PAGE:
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Donald Trump's selection of Sen. Jeff Sessions for the nation's top law enforcer would give the president-elect clout with supporters who cheered his pledges to crack down on illegal immigration, though it will certainly spark some controversy.
The immigration hard liner from Alabama was among the first people in Washington to throw his weight behind Trump's unlikely electoral win. He was a key Trump ally throughout the campaign and serves as a vice chairman on the executive committee of Trump's transition team.
Trump announced his selection of Sessions as his attorney general on Friday. Trump said in a statement that Sessions is "a world-class legal mind and considered a truly great Attorney General and U.S. Attorney in the state of Alabama."
Sessions has a long history as a public official, serving as a U.S. attorney in Alabama and Alabama's attorney general before nearly two decades in the Senate. But concerns about Sessions could bring more criticism to a Trump administration that's already facing heat for other key appointments.
Since Sessions' consideration for the Cabinet, new focus has gone to racially insensitive statements that surfaced when he was considered for a district judgeship in the 1980s. Thomas Figures, a black former assistant U.S. Attorney in Alabama, said Sessions once warned him to be careful about what he said to "white folks," according to NBC News.
He also testified that amid a Ku Klux Klan-related murder investigation he "used to think [the KKK] were OK" until he found out some were "pot smokers." Sessions claimed he was joking, according to NBC.
Senate Democrats, who have protested Trump's appointment of Steve Bannon, the former chairman of right-wing news site Breitbart as his senior advisor, will likely resist Sessions' nomination. But his majority GOP colleagues in the Senate still would likely confirm him.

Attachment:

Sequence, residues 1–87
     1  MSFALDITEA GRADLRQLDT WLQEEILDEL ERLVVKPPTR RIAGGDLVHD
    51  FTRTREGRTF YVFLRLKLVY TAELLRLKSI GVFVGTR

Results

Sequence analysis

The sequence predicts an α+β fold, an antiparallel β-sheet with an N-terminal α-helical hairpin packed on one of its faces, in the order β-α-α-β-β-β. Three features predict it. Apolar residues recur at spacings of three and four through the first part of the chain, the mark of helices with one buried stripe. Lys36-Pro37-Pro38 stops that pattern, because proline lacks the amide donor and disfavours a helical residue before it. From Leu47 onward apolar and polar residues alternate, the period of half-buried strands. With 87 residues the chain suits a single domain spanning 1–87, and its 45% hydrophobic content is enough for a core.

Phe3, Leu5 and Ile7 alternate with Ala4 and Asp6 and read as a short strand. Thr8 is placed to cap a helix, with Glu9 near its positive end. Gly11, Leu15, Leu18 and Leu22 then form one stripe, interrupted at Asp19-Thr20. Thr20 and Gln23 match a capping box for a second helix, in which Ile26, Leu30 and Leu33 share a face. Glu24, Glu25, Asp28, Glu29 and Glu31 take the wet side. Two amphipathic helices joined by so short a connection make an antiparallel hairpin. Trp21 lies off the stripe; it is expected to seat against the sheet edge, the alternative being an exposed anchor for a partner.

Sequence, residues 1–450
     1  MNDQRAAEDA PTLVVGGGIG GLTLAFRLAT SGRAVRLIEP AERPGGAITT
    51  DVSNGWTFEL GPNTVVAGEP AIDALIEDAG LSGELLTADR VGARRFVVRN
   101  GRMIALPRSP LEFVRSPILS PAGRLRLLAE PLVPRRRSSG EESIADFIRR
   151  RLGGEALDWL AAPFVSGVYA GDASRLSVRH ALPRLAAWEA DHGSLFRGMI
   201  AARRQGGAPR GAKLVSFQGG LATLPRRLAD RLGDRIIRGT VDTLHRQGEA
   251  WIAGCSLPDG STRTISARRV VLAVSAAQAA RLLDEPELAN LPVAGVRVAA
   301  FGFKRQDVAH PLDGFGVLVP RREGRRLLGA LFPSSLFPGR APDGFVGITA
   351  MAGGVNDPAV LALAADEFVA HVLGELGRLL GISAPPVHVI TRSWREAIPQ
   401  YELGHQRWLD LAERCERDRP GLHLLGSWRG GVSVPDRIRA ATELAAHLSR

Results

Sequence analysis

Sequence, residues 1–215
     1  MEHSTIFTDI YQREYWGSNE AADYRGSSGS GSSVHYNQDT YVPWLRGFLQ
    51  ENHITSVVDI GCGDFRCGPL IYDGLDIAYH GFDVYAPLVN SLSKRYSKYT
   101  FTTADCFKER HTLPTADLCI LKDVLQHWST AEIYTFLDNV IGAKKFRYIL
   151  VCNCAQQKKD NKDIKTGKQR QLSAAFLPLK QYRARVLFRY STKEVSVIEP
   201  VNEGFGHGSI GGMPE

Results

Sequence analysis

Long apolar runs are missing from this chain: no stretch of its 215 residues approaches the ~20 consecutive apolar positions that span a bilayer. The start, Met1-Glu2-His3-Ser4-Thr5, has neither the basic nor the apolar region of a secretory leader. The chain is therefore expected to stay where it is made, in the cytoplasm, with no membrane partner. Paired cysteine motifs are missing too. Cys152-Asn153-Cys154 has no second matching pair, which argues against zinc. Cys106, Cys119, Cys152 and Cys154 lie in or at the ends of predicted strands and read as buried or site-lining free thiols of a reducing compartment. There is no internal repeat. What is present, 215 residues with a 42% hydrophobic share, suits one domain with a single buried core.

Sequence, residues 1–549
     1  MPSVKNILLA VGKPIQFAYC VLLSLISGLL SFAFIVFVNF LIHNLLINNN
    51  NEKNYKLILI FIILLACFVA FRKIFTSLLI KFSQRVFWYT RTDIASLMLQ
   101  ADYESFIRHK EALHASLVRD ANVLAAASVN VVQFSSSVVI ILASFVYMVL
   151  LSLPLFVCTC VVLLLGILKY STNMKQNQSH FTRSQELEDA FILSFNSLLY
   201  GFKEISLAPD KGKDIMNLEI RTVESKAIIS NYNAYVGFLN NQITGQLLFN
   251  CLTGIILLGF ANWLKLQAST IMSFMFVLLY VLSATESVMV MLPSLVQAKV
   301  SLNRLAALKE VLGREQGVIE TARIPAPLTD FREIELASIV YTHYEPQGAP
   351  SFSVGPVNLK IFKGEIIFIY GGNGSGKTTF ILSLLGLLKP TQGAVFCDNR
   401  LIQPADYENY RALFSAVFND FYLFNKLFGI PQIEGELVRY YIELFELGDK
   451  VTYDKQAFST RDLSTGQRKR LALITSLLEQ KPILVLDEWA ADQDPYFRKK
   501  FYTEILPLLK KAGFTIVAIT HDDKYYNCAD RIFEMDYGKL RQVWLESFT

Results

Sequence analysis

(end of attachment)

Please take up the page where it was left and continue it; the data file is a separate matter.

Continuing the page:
Senate leaders greeted Trump's choice with applause or skepticism along party lines. Senate Majority Leader Mitch McConnell of Kentucky said he "strongly" supported the appointment of Sessions, whom he called "principled, forthright and hardworking."
The Senate's incoming top Democrat, Chuck Schumer of New York, said that "given some of [Sessions'] past statements and his staunch opposition to immigration reform, I am very concerned about what he would do with the Civil Rights Division at the Department of Justice and want to hear what he has to say."
If he gets confirmed, Sessions, the chairman of the Senate Subcommittee on Immigration, certainly gives some punch to Trump's pledges to crack down on illegal immigration. When he endorsed Trump in February ahead of Alabama's primary, he cited immigration as a key reason.
"You have asked for 30 years, and politicians have promised for 30 years, to fix illegal immigration. We have an opportunity Tuesday — it may be the last opportunity we have — for the people's voice to be heard," he said at the time.
Trump has said he wants to build a wall along the U.S.-Mexico border, make millions of undocumented immigrants subject to deportation and cancel President Barack Obama's executive order protecting millions from deportation. Sessions helped him draft his immigration platform.
Sessions' Senate website echoes many of the sentiments Trump has expressed during his campaign.
"Senator Sessions is committed to immigration reform that serves the national interest — not the special interests — and that curbs the unprecedented flow of immigration that is sapping the wages and job prospects of those living and working here today," the site reads.
It touts Sessions as a "leading opponent" of the bipartisan "Gang of Eight" reform bill, saying it "eviscerated immigration enforcement." It also calls him a "leading opponent" of President Barack Obama's executive actions on immigration.
Sessions has also vocally opposed the pace of the Obama administration's settlement of Syrian refugees, claiming it poses risks to domestic security.